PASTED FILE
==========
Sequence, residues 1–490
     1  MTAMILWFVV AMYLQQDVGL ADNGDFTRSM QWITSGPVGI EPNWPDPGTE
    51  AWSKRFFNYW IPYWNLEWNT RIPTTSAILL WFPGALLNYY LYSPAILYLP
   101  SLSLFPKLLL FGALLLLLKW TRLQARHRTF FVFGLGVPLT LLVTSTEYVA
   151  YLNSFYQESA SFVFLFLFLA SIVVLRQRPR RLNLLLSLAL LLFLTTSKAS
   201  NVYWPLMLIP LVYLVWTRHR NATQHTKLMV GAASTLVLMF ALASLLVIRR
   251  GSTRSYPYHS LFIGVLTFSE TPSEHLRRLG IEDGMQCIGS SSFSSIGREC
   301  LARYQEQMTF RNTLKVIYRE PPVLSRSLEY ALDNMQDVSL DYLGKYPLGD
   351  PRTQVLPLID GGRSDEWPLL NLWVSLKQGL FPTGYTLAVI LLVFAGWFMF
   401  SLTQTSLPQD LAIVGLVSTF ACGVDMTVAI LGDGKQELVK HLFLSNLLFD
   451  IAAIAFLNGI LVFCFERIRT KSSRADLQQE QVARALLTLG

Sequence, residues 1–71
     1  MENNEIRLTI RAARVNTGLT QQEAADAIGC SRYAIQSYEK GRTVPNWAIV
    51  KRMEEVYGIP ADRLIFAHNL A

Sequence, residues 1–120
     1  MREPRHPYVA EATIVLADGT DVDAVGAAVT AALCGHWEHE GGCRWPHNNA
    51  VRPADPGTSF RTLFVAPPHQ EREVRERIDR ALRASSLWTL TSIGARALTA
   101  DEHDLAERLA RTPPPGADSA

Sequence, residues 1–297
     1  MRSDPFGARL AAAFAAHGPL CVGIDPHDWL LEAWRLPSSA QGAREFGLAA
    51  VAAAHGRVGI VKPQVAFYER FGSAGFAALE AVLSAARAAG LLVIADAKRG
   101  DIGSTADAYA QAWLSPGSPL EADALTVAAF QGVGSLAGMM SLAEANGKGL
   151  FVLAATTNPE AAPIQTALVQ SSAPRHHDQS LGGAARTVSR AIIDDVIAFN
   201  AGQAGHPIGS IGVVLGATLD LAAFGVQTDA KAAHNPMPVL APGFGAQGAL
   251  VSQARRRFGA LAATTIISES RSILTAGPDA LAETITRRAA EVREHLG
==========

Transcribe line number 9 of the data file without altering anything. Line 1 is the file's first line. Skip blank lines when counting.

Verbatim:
   351  PRTQVLPLID GGRSDEWPLL NLWVSLKQGL FPTGYTLAVI LLVFAGWFMF